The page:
“This basically is the largest cluster of monkeypox cases happening in multiple countries simultaneously outside of an endemic region,” said Boghuma Kabisen Titanji, a Cameroonian doctor based at Emory University in Atlanta.
“We’re talking to a large number of countries that are putting in procurement requests to us as the problem is just spreading and increasing day by day,” said Rolf Sass Sørensen, the company’s vice president for investor relations and communication.
Bavarian Nordic is confident it can supply the doses needed — if the immediate and acute demand doesn’t skyrocket. “Of course we don’t have stockpiles available for the entire planet, but just in the midterm and long term we will have quite a large capacity to produce vaccines,” he said.
That’s nearly 50 million doses a year, Sørensen said. The vaccines last for at least three years, he said.
Health officials have confirmed more than 250 cases across 16 countries, most of them in Europe. The U.K., Spain and Portugal have reported most cases of infection with the virus, which typically causes fever, rash and swollen lymph nodes. In the U.S., the Centers for Disease Control and Prevention said on Monday it had confirmed one case of monkeypox in Massachusetts and is reviewing four cases from New York, Utah and Florida that it presumes are monkeypox. On Tuesday, California said it was working with the agency to investigate an additional suspected case.
Monkeypox cases outside the endemic region are very rare, typically brought to non-endemic countries by people coming from that area. Last year, for instance, the U.S. had two cases of monkeypox imported by travelers who had been to Nigeria, according to the CDC.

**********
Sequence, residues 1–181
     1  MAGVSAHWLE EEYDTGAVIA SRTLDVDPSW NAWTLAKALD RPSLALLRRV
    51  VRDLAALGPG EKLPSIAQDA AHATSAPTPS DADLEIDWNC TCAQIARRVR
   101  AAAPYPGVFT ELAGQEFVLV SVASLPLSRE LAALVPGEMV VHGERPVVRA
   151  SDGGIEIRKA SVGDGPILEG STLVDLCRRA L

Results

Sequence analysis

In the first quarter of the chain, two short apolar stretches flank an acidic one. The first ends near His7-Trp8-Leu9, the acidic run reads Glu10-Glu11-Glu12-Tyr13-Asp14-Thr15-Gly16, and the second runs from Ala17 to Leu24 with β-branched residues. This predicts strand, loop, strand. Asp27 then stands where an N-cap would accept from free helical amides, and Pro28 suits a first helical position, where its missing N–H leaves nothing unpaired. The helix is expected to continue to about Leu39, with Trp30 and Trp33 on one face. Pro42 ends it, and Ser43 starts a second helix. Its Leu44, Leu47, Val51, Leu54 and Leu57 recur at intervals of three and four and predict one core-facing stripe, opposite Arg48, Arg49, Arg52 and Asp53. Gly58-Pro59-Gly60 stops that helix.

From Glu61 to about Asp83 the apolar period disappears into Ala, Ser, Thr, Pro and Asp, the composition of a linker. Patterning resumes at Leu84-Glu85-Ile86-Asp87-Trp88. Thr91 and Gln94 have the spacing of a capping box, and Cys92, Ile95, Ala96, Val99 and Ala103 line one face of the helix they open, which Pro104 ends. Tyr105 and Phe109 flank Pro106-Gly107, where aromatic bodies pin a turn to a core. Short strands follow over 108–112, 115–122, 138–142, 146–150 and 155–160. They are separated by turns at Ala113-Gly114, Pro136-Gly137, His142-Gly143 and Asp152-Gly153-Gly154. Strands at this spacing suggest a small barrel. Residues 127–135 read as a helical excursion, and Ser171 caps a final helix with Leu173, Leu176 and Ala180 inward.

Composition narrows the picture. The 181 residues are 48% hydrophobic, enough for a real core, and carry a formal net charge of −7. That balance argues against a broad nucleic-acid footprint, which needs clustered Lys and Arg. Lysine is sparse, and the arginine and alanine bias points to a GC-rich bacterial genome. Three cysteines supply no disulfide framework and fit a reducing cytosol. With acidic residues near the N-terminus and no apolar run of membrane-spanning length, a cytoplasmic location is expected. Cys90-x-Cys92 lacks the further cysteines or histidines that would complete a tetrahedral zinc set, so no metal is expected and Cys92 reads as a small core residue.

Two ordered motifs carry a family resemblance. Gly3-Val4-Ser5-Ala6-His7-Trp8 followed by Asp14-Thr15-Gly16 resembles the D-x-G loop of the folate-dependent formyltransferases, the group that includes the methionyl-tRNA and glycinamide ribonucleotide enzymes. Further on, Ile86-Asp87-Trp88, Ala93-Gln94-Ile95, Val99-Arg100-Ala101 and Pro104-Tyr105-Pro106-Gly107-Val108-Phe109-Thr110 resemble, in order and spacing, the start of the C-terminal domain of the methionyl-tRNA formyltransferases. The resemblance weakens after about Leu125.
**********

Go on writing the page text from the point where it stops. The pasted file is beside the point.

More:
When routine vaccination for smallpox was still happening globally, monkeypox wasn’t seen because the vaccine protected against both diseases. After smallpox was globally eradicated in 1980 and those vaccinations stopped, monkeypox emerged, health officials say.
“We have a strong concern” that the virus is spreading differently, Jennifer McQuiston, deputy director of the CDC’s Division of High Consequence Pathogens and Pathology, told reporters during a briefing on Monday.
U.S. health officials say the country has a “good stock” of vaccines against monkeypox. But the current strategy of containment, which includes vaccinating high-risk, close contacts of infected patients, could quickly strain the current Jynneos supply if cases rise.
“This is one of the rare diseases where you can be vaccinated after exposure and it prevents you from getting sick,” said Eric Toner, a senior scientist at the Johns Hopkins Bloomberg School of Public Health.
The U.S. national strategic stockpile has just over 1,000 Jynneos doses, approved by the FDA in 2019, as well as has some 100 million doses of an older smallpox vaccine that has more side effects, according to the CDC.
“We expect that level to ramp up very quickly in the coming weeks as the company provides more doses to us,” McQuiston said of the Jynneos vaccine. She said the agency has already requested some of those doses from the stockpile for patients’ contacts.
The U.K. has already started vaccinating people, with 1,000 doses of the vaccine, called Imvanex there, already administered. The country has 3,500 doses left. Germany has ordered 40,000 doses, Reuters reported.